Q&A – James Quille

Headquartered in Bermuda with offices in Hong Kong, Tokyo, Seoul, London and Luxembourg, MGPA is a private equity group focused on real estate investment in Asia and Europe. Owned by its principals and Australia's Macquarie Bank, MGPA was formed in February 2004 following a management buyout from Lend Lease Corporation. Last September, the private equity real estate fund manager raised approximately $1.3 billion for its latest vehicle, MGP Fund II. Here, CEO James Quille, a 30-year veteran of the real estate business, shares his firm's strategy, his thoughts on the Asian market and what distinguishes China from the rest of the region.

What is MGPA’s investment mandate and strategy?
Our strategy is to invest in real estate in the broadest form: acquiring single assets, portfolios, ground-up developments and operating platforms. We look at 40 cities around the world on a quarterly basis; within Asia, we are actively involved with six cities in Japan, two cities in China, Seoul, Hong Kong, Singapore and Bangkok. The sectors span industrial, office buildings, residential and retail. We identify trends in each economy and look for mispriced assets to acquire, i.e. where trends and markets don’t match, presenting opportunities.

Target returns are pegged at the high teens to low 20s, but vary from country to country; say 18 percent in Japan, mid-20 percent to mid-30 percent in China, and mid-20 percent in Hong Kong and Seoul. The target returns are commensurate with the risks we take.

How much of MGP Fund II is allocated to Asia—and China specifically?
Up to $920 million of equity will be allocated to Asia, of which $200 million will mark the upper limits of our exposure in China. That means an investment capacity of some $400 million, taking into consideration that it is hard to leverage above 50 percent, on average, in China. That said, it should be stressed that we tend to look at deals individually, and there is always coinvestment capital from other investors. We are constantly evaluating opportunities so figures are more theoretical than cast in stone.

We are currently underwriting eight to nine deals in China, as well as conducting due diligence on various projects. I am quite certain that we will make our next investment in China shortly and expect the first deal to come through over the second quarter.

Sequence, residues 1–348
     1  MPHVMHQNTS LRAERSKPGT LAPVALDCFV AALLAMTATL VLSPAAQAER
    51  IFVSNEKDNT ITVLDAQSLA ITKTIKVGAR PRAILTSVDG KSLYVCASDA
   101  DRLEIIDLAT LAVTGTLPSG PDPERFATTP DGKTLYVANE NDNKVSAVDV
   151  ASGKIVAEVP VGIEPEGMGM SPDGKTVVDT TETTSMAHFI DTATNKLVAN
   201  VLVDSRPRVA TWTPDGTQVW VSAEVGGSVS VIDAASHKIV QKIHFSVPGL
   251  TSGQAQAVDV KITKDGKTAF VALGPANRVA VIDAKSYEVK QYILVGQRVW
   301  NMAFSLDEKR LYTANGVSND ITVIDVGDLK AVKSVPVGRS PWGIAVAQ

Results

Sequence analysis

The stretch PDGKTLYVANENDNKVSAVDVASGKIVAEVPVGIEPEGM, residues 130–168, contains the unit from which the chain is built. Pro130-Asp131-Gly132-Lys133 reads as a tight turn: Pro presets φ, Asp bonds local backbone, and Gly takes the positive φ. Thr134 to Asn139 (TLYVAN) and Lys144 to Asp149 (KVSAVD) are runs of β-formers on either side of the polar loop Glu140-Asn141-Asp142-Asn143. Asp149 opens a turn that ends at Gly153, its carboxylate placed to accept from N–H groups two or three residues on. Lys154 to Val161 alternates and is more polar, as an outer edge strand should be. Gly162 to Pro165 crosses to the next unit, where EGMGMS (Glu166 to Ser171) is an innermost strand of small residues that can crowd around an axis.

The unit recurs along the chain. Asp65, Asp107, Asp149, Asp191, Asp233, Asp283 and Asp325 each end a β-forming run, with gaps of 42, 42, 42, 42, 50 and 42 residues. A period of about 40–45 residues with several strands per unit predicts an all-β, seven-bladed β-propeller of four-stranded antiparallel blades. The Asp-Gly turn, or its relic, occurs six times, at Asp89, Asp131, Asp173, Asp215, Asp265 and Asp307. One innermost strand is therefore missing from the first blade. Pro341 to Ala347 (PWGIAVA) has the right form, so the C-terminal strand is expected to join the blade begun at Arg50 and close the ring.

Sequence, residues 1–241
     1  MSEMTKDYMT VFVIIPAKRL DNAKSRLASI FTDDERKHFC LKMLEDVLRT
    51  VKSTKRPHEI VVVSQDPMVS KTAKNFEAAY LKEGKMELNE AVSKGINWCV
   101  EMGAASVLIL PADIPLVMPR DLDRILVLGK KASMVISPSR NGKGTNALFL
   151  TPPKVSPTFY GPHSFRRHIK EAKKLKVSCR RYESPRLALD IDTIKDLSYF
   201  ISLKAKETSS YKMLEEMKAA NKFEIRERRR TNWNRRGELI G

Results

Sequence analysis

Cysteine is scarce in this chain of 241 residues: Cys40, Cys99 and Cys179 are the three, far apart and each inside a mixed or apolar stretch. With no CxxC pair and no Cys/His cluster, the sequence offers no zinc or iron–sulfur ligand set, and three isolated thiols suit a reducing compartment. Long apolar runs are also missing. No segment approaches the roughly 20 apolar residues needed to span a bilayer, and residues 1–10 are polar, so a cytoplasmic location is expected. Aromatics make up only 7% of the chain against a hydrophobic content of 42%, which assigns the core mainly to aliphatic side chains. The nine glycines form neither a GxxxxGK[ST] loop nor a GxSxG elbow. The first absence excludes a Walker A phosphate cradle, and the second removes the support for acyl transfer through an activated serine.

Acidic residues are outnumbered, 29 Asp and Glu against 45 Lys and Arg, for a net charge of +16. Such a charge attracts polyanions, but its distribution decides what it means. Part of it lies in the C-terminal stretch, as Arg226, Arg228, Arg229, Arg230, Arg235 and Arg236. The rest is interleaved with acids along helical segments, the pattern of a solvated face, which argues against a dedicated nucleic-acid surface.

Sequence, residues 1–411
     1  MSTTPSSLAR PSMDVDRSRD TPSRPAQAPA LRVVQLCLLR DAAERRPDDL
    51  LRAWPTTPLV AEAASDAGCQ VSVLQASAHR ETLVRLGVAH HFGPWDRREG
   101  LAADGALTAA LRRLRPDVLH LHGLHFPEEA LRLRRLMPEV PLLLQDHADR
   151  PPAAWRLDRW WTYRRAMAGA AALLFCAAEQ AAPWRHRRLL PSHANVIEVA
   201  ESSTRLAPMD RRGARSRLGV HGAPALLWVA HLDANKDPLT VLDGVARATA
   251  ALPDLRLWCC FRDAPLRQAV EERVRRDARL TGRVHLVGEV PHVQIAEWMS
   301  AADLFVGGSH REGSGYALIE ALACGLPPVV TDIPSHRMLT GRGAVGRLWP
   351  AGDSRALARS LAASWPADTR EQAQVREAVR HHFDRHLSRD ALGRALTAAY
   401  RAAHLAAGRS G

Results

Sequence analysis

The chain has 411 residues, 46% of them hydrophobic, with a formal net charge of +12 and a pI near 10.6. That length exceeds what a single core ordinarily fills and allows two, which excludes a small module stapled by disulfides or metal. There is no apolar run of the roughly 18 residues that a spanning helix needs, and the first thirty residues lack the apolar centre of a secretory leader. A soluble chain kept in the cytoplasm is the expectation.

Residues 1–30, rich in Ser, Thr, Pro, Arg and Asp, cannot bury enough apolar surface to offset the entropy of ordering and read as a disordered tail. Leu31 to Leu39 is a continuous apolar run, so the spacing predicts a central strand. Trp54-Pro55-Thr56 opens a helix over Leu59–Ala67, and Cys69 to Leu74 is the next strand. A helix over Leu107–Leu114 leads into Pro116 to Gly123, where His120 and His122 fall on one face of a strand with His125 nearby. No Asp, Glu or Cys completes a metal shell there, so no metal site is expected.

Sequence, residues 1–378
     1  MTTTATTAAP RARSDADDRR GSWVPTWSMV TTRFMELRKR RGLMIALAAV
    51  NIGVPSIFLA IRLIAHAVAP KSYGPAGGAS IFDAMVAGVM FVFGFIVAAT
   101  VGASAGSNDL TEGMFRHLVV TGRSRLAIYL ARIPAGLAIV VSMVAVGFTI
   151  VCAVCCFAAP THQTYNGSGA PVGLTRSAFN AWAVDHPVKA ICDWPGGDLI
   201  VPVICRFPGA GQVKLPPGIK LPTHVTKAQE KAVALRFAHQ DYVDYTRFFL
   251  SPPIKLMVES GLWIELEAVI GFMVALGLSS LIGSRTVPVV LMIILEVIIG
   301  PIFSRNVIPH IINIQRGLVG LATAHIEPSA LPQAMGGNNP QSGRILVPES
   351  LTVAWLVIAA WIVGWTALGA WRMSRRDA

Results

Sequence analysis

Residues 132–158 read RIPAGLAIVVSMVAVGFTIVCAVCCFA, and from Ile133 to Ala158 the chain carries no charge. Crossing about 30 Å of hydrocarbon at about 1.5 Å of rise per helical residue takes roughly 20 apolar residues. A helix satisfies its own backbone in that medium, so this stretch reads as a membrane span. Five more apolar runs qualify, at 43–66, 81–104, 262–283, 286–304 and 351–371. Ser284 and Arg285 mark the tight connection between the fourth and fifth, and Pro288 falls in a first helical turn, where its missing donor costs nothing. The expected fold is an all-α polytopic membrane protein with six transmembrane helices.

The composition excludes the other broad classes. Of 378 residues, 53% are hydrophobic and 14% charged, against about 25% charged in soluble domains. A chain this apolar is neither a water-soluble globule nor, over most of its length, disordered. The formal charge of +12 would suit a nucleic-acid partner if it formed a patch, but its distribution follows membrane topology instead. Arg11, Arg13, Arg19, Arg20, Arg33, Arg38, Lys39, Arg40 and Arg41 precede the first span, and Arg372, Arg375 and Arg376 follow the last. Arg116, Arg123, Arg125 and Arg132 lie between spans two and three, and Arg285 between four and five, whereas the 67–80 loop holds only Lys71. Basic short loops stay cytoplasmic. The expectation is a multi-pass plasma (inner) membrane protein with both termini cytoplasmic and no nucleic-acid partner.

Is there a specific region in China that you are targeting?
Shanghai and Beijing will be our focus for now. We are researching second-tier cities, but any investment from the fund is unlikely for the medium term, i.e. the next two years.

You’ve made an investment in Shanghai but a lot of others, who are talking about it, have not. What are the barriers to entry? There isn’t so much of an entry barrier to speak of as much as the knowledge and understanding of the market that facilitates investing in China. We have had 12 years of presence in China so we know the legal system; the capital controls, like how to invest and repatriate funds; and issues pertaining to securities and titles. It takes time to learn and understand. For new entrants to this market, it simply means a steep learning curve and being able to understand the market and the constraints within.

How much influence does the Chinese government have in the local property markets and how do you deal with those regulations?
It is not uncommon in Asia for governments to influence or get involved in the market; it happens in Singapore, and, to a certain extent, Japan too. It is something we’ve learned to manage, and only becomes a factor when governmental intervention or influence distorts the market. When investing internationally, one has to reconcile with the fact that status quo never stays the same.

What are the differences between China and Japan, where much of the investments from your second fund have been made?
There isn’t much of a difference where fundamentals are concerned: seeking value is key. Fundamentals matter the most, upon which peculiar market factors will overlay—varying risks, for instance. The overlaying factors will play a part in how we invest. In Japan, the market is more liquid and debt cost lower, as opposed to conditions in China. Japan is also at a recovery stage, versus the growth stage China is at. What this means is: in China, we will look at generating stock for a new and emerging market where GDP is growing strongly from a low base, while in Japan, we see a market in recovery mode where demand is generated by GDP growth and the economy moving from a long period of deflation.

What do you see as potential exit routes for your investment in China?
As the exit market is still relatively new, we tend to focus on prime locations—assets that appeal to institutional investors. I don’t see an exit (from MGPA) for another four to five years. In the meantime, we will focus on building or create world-class assets. If you have good assets, there will always be institutional investors there to buy them.